40. This is the most insightful commentary I’ve consumed, post-election. Thank you for this.

  41. Simple fact – Ms Clinton polled more votes than Mr Trump. The American Constitution deprived “We The People” of their choice. The institution of the Electoral College system is plain bizarre.

    • The Electoral College is in place to insure that the masses in a particular region (state) is not able to control the national election. A candidate needs to be a national candidate. Thus, in order to win the Electoral College, the candidate needs to be able to win in all regions. The primary reason that Ms. Clinton won the popular vote was because she won in the large population states of CA and NY. IMO. winning those two states alone should not be sufficient to win the election.

      • So you are saying that we should have minority rule?

        And the fears of isolated, uninformed people should set the agenda for the majority?

        How does it help the country if a fearful minority (less than 30% this time) prevent the USA from dealing with the realities of current times?

        You might want to note that while the “flyover states” are getting their revenge right now, eventually the majority is going to gain power and severely punish the minority.

        The wold will NOT stand still and the people that have been marginalized by progress are just going to have to adapt because their mythical past is NEVER going to happen.

        The electoral college rewards stupidity of the minority.

        California is an example of what happens when the urban majority eventually mobilizes – Conservative rural far northern California and the Central valley now have zero power to even participate in the discussion because they were so recalcitrant in years past. Their concerns are now completely ignored because they reused to share power when they had it. I think the reason the conservatives refused to share power is because their world view is so skewed and unrealistic.

        Right now the flyover states control things, but their power will eventually go to zero and they will be worse off then they are now.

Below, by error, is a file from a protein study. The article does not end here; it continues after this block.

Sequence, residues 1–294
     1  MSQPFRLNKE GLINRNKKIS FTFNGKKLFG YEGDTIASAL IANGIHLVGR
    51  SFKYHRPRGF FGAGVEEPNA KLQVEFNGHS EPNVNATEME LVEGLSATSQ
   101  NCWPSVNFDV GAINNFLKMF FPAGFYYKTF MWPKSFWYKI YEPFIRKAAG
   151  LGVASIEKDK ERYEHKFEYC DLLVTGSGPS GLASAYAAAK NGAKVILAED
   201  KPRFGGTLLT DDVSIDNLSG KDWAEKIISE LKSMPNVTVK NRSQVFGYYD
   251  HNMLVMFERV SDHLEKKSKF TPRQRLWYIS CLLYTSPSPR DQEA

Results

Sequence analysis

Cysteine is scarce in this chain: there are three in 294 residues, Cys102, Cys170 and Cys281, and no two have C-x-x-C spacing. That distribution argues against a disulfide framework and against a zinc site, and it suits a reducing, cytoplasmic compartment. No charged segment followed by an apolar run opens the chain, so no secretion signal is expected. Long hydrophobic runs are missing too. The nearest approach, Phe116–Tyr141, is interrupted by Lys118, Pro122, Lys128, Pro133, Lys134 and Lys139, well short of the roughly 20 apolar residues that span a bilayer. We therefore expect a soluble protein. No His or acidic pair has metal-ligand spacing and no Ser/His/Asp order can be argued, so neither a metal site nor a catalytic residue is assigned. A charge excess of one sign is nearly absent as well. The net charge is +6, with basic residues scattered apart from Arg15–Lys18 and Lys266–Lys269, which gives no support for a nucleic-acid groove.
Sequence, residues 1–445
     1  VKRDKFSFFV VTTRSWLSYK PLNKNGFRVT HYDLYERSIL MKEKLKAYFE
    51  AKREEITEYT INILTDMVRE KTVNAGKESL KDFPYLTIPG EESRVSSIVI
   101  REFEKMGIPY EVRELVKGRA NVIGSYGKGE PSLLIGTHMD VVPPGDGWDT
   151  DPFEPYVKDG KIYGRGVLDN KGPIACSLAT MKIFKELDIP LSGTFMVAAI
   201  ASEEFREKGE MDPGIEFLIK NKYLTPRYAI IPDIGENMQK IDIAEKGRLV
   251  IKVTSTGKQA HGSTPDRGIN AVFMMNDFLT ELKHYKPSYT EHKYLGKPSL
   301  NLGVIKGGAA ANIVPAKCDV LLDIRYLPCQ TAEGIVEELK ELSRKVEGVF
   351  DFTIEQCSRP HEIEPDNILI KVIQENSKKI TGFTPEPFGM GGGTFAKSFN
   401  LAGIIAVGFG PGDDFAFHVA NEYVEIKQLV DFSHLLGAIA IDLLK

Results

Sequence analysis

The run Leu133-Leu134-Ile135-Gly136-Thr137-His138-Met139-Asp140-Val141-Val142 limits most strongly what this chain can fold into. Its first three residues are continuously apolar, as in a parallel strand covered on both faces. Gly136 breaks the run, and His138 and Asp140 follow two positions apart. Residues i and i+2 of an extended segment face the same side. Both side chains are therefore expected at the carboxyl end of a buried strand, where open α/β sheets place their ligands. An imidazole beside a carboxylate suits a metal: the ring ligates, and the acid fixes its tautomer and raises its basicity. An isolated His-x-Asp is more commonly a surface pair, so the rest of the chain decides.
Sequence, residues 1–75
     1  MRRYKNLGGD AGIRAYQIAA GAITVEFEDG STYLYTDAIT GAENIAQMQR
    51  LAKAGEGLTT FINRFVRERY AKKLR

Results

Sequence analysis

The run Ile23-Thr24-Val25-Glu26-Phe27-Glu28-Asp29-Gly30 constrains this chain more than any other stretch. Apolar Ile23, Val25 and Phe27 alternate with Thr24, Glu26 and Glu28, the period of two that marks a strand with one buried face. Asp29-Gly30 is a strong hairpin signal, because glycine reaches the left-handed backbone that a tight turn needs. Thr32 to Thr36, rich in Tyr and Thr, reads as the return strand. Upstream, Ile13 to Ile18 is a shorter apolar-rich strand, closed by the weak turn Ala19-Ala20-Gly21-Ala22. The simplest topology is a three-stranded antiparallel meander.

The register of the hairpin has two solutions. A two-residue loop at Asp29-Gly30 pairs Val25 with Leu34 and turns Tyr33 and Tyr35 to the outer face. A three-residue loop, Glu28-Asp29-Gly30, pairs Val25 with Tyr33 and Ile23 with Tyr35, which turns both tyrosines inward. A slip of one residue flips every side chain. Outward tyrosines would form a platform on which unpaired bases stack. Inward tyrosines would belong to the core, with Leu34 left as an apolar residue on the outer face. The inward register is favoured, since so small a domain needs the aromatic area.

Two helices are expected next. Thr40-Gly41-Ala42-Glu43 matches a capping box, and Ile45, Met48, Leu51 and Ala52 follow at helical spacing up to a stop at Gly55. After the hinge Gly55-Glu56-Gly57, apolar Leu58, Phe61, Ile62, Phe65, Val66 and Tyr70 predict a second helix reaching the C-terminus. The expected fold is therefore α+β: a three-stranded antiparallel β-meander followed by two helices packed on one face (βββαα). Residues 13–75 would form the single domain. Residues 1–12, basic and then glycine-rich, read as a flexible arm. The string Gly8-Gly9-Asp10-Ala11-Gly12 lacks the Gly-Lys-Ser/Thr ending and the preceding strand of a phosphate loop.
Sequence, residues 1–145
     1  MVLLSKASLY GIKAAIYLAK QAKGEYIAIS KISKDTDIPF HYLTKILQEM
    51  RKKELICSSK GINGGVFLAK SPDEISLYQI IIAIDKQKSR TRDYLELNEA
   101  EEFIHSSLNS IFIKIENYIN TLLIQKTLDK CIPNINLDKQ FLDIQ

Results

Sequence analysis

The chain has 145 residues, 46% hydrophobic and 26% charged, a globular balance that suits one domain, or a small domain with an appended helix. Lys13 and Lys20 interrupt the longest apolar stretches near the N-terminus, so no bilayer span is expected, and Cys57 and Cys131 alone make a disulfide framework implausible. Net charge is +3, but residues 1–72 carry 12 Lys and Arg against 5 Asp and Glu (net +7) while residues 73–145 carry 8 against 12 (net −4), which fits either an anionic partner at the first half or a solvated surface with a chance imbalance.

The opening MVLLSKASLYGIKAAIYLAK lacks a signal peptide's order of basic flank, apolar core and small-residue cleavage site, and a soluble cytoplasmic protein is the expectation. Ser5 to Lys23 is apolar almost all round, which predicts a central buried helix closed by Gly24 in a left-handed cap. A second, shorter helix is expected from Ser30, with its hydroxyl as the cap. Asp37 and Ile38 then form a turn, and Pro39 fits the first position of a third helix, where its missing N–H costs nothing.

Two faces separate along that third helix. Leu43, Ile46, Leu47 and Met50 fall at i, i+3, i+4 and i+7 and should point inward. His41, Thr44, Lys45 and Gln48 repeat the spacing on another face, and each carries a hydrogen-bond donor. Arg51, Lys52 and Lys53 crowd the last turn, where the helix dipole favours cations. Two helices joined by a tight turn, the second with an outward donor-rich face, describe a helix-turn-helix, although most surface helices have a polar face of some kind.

Over time the population centers will have all the power.

  42. I have to push back a little. Roughly half of Trump’s supporters are over 65. They are retired with pensions. The average income of a Trump supporter is $72,000 dollars. Well above the national average.

    Among voters with incomes below $50,000, Clinton held a 30% edge. Among voters with incomes above $250,000 dollars, Trump held a 30% edge.

    This narrative of the blue collar worker is junk. This election was about culture and a backlash against modernity.

    • Your statistics on income are meaningless unless you disaggregate by race.

      White working class vote for the Democrat was off at least 20%, and all you have to do is look at where white workers live to see which districts went for Trump this time that went for Obama last.

  43. I have a caveat about the claim of ‘voting for Trump in very large numbers’. Crude figure wise, from figures being bandied about today, it appears that 50% of people eligible to vote didn’t vote at all. Then one has to take away those who voted for a third party other than Trump or Clinton. From what is left both Clinton and Trump have around 50% each – though Clinton a little higher. In actual terms this means that around 75% of those eligible to vote DID NOT vote for Trump. But 75% did not vote for Clinton either. Those who either voted for a third party, or chose not to vote, are actually the majority. This might reasonably be argued as voter resentment, disaffection etc. However it is usually – wrongly – argued as ‘apathy’. While this goes on the problems of neoliberalism can be ignored, and this is usually what happens. Currently the notion that the majority of white U.S. that were allowed to vote were racists voting for Trump isn’t supported by the figures. But nor where they Clinton fans. If any evidence supports the premise of this article above, it is the low voter turnout.

  44. You missed important trends:
    The tech revolution that automated manufacturing jobs.
    The US manufactures more goods with fewer workers
    GWBush was president for 8 years, and did nothing to sustain the transition that the workforce needs to make.